4. Restrictions on record-based inserts and updates
      2. Transaction Management
        1. The COMMIT Statement
        2. The ROLLBACK Statement
        3. The SAVEPOINT Statement
        4. The SET TRANSACTION Statement
        5. The LOCK TABLE Statement
      3. Autonomous Transactions
        1. Defining Autonomous Transactions
        2. Rules and Restrictions on Autonomous Transactions
        3. Transaction Visibility
        4. When to Use Autonomous Transactions
        5. Building an Autonomous Logging Mechanism
    2. 15. Data Retrieval
      1. Cursor Basics
        1. Some Data Retrieval Terms
        2. Typical Query Operations
        3. Introduction to Cursor Attributes
          1. The %FOUND attribute
          2. The %NOTFOUND attribute
          3. The %ROWCOUNT attribute
          4. The %ISOPEN attribute
          5. The %BULK_ROWCOUNT attribute
          6. The %BULK_EXCEPTIONS attribute
        4. Referencing PL/SQL Variables in a Cursor
        5. Choosing Between Explicit and Implicit Cursors
      2. Working with Implicit Cursors
        1. Implicit Cursor Examples
        2. Error Handling with Implicit Cursors
        3. Implicit SQL Cursor Attributes
      3. Working with Explicit Cursors
        1. Declaring Explicit Cursors
          1. Naming your cursor
          2. Declaring cursors in packages
        2. Opening Explicit Cursors
        3. Fetching from Explicit Cursors
          1. Examples of explicit cursors
          2. Fetching past the last row
        4. Column Aliases in Explicit Cursors
        5. Closing Explicit Cursors
        6. Explicit Cursor Attributes
        7. Cursor Parameters
          1. Generalizing cursors with parameters
          2. Opening cursors with parameters
          3. Scope of cursor parameters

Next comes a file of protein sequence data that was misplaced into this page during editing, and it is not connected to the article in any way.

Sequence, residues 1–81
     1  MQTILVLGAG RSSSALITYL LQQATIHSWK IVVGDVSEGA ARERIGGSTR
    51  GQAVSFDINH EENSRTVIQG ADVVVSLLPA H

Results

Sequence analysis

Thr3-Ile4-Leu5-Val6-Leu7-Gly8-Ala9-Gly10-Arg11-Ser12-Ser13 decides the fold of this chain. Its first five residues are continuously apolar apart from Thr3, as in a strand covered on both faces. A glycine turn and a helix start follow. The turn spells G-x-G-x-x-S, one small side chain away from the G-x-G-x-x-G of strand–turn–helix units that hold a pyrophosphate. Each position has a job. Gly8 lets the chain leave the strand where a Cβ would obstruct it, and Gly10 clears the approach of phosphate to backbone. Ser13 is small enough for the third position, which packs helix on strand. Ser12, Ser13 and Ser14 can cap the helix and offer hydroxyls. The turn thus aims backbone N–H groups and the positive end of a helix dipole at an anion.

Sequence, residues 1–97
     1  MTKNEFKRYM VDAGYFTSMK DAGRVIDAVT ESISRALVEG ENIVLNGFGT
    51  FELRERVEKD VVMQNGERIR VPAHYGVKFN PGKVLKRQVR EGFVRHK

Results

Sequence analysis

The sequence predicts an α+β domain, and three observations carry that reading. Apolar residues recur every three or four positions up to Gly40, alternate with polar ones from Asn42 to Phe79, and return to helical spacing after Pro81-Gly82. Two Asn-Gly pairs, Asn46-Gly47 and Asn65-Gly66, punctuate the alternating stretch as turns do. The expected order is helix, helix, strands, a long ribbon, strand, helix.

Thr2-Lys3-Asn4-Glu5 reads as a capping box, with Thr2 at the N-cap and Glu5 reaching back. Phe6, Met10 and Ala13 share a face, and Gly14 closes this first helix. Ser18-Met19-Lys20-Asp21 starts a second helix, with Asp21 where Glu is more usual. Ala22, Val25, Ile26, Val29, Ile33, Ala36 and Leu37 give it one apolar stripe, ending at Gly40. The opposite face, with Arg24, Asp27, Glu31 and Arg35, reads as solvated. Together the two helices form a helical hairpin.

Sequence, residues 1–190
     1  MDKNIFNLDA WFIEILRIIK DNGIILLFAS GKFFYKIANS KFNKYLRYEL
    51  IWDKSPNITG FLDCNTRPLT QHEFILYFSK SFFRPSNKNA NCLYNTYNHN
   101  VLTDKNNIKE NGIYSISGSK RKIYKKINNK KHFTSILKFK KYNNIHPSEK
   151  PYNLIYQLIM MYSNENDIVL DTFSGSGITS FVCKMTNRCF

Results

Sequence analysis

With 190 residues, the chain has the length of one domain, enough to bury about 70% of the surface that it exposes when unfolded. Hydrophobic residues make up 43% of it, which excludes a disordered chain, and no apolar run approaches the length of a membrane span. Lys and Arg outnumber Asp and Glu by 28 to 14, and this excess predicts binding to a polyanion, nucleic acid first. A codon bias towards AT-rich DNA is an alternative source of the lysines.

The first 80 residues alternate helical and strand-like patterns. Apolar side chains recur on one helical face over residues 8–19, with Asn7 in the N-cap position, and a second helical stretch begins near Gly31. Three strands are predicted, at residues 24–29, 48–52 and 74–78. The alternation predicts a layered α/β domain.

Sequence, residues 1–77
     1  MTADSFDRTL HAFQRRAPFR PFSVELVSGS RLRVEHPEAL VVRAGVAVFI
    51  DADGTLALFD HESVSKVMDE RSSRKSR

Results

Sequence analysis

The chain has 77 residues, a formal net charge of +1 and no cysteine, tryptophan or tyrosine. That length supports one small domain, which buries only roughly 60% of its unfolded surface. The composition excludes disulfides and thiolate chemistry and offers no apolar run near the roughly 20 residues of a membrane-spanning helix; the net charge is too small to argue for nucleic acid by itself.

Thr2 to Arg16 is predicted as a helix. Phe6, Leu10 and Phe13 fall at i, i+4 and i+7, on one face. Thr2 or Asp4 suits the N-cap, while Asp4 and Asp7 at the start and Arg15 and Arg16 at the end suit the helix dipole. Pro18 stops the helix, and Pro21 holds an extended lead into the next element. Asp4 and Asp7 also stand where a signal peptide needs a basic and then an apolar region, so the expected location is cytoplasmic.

4. Cursor parameter modes
          5. Default values for parameters
      4. SELECT...FOR UPDATE
        1. Releasing Locks with COMMIT
        2. The WHERE CURRENT OF Clause
      5. Cursor Variables and REF CURSORs
        1. Why Use Cursor Variables?
        2. Similarities to Static Cursors
        3. Declaring REF CURSOR Types
        4. Declaring Cursor Variables
        5. Opening Cursor Variables
        6. Fetching from Cursor Variables
          1. Handling the ROWTYPE_MISMATCH exception
        7. Rules for Cursor Variables
          1. Compile-time rowtype matching rules
          2. Runtime rowtype matching rules
          3. Cursor variable aliases
          4. Scope of cursor object
        8. Passing Cursor Variables as Arguments
          1. Identifying the REF CURSOR type
          2. Setting the parameter mode
        9. Cursor Variable Restrictions
      6. Cursor Expressions
        1. Using Cursor Expressions
          1. Retrieving a subquery as a column
          2. Implementing a streaming function with the CURSOR expression
        2. Restrictions on Cursor Expressions
    3. 16. Dynamic SQL and Dynamic PL/SQL
      1. NDS Statements
        1. The EXECUTE IMMEDIATE Statement
        2. The OPEN FOR Statement
          1. FETCH into variables or records
          2. The USING clause in OPEN FOR
        3. About the Four Dynamic SQL Methods
          1. Method 1
          2. Method 2
          3. Method 3
          4. Method 4
      2. Binding Variables
        1. Argument Modes
        2. Duplicate Placeholders
        3. Passing NULL Values
      3. Working with Objects and Collections
      4. Dynamic PL/SQL
        1. Build Dynamic PL/SQL Blocks
        2. Replace Repetitive Code with Dynamic Blocks
      5. Recommendations for NDS
        1. Use Invoker Rights for Shared Programs
        2. Anticipate and Handle Dynamic Errors